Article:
Admittedly, it's reassuring to know these issues of compatibility can be resolved in digital capture. Still, I believe the 21 Super Angulon is best on film. Even though it appears to lag behind the 21 Super Elmar in overall observable performance and rendering, it does appear to render better on film than on digital capture. In my opinion, there is a noticeable increase in relative contrast and resulting perceived sharpness.
Having said that, the 21 Super Angulon also cannot meter on an analog M-mount rangefinder. Admittedly, this is not really a significant concern. But for those uninitiated who are unfamiliar with either an external meter or the Sunny 16 Rule, that oversight might present a material challenge. As such, shooting live view on the Leica M10 might make more sense for recreational photo enthusiasts than film capture.
However, there is something to be said about using a lens the way it's intended to be used. The 21 Super Angulon was designed specifically for film capture (or rather designed during a time when film was the only choice). Still, knowing that the 21 Super Angulon can be used on the Leica M10 for color digital capture is reassuring. But I suppose it's just a matter of whether one is willing to undergo the process of additional effort in post.
Finally, a word on the 21 Super Angulon with different full frame digital cameras. On the the Leica M9, the 21 Super Angulon will experience the same issue of compatibility. The metering will not work, and color shift will be just as noticeable. However, I didn't test it specifically on the M9 for this review. As such, I cannot comment further beyond an anecdotal account. Having said that, it shouldn't be significantly different from image captures from the Leica M10.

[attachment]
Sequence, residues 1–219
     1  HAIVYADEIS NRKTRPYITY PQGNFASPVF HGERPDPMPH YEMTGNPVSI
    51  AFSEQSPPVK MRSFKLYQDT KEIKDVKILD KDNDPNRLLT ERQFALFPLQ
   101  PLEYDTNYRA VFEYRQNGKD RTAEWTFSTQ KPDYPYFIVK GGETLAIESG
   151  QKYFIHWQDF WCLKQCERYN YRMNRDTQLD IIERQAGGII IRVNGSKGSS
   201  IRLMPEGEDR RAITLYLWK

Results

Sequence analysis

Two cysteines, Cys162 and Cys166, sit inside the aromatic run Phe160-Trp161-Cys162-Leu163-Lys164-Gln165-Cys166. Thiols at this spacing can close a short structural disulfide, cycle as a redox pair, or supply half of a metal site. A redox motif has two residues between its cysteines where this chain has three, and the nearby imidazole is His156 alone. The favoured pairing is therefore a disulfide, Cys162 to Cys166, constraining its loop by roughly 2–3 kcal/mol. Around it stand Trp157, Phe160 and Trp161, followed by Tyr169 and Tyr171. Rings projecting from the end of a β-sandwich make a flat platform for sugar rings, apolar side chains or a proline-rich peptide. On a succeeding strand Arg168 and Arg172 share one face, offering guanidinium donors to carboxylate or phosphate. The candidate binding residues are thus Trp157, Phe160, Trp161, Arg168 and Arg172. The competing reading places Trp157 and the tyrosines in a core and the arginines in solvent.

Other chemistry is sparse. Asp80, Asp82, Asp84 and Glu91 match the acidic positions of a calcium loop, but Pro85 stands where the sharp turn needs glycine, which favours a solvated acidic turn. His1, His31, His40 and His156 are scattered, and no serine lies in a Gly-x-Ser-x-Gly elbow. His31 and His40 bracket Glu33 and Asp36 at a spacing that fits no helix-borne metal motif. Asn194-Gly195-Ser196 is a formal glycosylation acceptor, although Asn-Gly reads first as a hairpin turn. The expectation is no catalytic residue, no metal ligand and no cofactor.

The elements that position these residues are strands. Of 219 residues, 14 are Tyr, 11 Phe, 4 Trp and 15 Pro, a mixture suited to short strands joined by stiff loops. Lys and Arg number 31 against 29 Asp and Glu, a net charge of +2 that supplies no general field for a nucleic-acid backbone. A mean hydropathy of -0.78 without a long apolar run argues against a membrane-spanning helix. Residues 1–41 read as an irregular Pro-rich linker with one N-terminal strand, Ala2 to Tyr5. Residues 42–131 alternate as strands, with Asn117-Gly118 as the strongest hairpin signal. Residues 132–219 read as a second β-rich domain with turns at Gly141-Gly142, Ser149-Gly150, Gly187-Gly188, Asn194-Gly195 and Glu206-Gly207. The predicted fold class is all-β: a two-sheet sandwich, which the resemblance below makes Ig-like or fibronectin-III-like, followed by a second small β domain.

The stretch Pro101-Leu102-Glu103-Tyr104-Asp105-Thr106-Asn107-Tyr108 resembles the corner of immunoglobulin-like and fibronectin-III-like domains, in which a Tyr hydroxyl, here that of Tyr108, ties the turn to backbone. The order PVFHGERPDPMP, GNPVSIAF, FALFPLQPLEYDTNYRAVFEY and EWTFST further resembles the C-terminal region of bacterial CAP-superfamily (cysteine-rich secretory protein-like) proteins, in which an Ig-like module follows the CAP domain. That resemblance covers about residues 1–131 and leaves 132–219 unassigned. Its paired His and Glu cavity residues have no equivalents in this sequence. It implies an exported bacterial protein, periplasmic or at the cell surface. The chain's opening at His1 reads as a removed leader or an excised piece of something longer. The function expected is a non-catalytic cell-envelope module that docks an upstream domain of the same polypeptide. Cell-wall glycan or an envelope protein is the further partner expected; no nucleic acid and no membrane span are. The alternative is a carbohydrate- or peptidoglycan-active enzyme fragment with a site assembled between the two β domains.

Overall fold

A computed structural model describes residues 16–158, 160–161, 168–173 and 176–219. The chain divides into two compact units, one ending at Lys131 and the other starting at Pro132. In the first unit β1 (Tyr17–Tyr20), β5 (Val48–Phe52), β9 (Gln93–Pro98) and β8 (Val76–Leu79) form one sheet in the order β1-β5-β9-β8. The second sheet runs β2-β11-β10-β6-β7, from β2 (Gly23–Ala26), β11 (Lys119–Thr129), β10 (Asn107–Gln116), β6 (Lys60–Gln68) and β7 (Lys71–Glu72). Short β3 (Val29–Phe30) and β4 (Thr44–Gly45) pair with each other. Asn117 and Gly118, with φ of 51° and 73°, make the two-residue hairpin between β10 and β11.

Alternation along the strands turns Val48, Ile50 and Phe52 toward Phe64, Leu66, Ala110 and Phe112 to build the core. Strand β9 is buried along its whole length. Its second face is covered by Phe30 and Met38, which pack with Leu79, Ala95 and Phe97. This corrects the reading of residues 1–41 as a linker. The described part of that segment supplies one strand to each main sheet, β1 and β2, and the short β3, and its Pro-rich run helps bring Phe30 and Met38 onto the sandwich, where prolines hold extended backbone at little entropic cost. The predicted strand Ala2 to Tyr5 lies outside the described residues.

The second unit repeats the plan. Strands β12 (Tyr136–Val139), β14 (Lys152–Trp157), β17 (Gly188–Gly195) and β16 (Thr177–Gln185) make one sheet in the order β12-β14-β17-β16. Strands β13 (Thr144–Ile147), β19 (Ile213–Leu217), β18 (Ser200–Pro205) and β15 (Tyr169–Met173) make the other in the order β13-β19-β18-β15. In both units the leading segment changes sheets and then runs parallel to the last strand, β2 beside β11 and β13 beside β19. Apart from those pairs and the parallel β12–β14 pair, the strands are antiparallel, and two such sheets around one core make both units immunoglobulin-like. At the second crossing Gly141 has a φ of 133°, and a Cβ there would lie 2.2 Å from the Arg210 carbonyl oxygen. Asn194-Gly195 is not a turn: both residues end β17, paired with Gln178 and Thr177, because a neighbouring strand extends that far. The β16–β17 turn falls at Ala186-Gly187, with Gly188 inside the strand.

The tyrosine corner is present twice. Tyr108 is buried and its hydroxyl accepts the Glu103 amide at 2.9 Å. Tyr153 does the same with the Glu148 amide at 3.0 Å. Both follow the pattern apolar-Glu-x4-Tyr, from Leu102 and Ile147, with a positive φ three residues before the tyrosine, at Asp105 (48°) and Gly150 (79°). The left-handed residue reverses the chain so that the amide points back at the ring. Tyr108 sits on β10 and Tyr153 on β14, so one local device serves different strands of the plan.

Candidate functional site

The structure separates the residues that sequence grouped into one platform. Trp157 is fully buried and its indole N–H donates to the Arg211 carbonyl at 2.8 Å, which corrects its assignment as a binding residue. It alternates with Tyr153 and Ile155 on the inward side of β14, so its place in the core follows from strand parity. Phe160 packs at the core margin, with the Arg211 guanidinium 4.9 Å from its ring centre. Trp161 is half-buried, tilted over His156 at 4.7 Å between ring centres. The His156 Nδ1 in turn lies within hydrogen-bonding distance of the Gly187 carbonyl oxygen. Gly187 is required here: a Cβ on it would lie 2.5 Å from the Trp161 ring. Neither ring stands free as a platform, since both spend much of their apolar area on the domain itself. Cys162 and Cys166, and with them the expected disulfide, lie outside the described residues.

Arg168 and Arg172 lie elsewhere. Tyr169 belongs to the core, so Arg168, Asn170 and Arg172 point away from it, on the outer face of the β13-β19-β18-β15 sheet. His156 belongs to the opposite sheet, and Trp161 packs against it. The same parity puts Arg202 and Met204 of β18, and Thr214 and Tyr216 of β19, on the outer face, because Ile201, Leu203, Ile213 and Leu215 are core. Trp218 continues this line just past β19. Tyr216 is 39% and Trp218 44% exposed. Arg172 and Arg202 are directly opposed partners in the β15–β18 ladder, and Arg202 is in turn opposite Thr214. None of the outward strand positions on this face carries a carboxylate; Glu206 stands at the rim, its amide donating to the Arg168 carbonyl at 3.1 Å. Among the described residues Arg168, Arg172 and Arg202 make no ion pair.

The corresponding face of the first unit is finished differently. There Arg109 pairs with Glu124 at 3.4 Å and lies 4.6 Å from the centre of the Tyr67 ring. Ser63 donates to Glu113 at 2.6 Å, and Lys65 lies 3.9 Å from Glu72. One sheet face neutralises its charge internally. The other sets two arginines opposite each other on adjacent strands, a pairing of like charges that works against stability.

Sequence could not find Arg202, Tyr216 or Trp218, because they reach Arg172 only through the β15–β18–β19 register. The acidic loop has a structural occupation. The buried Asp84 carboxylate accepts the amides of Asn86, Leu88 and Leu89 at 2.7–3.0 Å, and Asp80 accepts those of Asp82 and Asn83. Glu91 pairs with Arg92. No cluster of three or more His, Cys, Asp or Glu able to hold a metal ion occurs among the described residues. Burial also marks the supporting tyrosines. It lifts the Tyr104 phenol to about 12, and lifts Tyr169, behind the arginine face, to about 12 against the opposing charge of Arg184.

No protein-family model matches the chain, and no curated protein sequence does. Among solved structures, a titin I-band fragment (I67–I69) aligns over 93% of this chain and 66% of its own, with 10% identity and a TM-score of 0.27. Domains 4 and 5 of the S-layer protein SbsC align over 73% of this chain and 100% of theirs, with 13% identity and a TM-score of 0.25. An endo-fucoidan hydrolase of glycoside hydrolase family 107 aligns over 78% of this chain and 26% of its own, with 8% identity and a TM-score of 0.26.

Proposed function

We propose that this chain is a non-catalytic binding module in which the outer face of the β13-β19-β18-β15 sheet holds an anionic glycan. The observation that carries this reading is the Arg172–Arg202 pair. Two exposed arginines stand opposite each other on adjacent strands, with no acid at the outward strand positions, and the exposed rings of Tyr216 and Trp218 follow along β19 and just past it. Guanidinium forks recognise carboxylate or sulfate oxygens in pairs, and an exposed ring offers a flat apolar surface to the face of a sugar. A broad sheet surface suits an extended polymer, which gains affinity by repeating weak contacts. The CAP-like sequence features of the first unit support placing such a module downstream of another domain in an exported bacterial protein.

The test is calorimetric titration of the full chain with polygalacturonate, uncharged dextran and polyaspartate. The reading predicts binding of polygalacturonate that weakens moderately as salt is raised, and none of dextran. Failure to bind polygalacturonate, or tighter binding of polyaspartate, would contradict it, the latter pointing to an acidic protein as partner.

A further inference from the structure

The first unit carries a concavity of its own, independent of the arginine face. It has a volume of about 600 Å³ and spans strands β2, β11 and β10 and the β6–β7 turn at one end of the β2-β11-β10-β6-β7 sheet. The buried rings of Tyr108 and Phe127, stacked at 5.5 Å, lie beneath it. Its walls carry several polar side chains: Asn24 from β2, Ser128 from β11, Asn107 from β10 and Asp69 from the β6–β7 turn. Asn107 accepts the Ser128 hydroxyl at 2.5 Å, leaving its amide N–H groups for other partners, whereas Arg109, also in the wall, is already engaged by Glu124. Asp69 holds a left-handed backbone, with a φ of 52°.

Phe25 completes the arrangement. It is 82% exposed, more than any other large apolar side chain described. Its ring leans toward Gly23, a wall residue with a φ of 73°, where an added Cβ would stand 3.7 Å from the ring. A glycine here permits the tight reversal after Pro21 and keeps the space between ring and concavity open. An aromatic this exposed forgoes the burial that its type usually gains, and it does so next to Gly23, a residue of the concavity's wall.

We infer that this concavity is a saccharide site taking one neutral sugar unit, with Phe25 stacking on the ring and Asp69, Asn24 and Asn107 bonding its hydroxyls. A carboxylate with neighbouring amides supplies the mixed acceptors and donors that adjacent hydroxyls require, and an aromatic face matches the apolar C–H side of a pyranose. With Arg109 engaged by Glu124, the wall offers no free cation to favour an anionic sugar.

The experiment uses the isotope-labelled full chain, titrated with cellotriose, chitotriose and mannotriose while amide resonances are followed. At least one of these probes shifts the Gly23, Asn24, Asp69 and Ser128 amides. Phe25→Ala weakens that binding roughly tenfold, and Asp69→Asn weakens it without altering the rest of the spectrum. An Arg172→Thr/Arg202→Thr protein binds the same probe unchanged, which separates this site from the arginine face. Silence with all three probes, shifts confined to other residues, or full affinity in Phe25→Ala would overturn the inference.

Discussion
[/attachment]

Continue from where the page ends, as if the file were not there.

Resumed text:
On the Leica M240, the availability of live view compensates for compatibility issues in metering resulting from the lens design. With regards to the issue of color shift, the M240 appears to be the same as the Leica M10. That said, I didn't test the 21 Super Angulon specifically on the M240 for this review. However, it is likely that the methodology in resolving the color shift is the same as on the Leica M10.
With regards to adapting, the 21 Super Angulon won't fit the Leica SL. The rear element of the lens is much too wide and deep, and will encounter blockage that will prevent it from being mounted securely onto the camera. As for Sony FE mount cameras, the 21 Super Angulon adapts without issue. However, the metal barrel of the rear element will leave a rub mark against the camera at infinity focus. That said, the lens does not appear to exhibit any signs of color shift.
Having said that, I am not particularly impressed by the rendering on the Sony A9. In my opinion, Sony sensors seem to require lenses with higher contrast, which isn't the case with the 21 Super Angulon. Like I said, this lens is made for film capture. Nevertheless, it's really not too bad on the Leica M10.
Exposure of some photos may have been tweaked in Lightroom, for the sake of consistency in presentation. Only the title image have been cropped and fully optimized in Lightroom. Also worth noting, the title image was also edited in Photoshop to remove an unfortunate photobomb in the background.
Last, all images taken by the Leica M10 and the 21mm f/4 Angulon were edited further to remove the color shift on the right hand side of the image. The methodology of removal is demonstrated in the final image set below.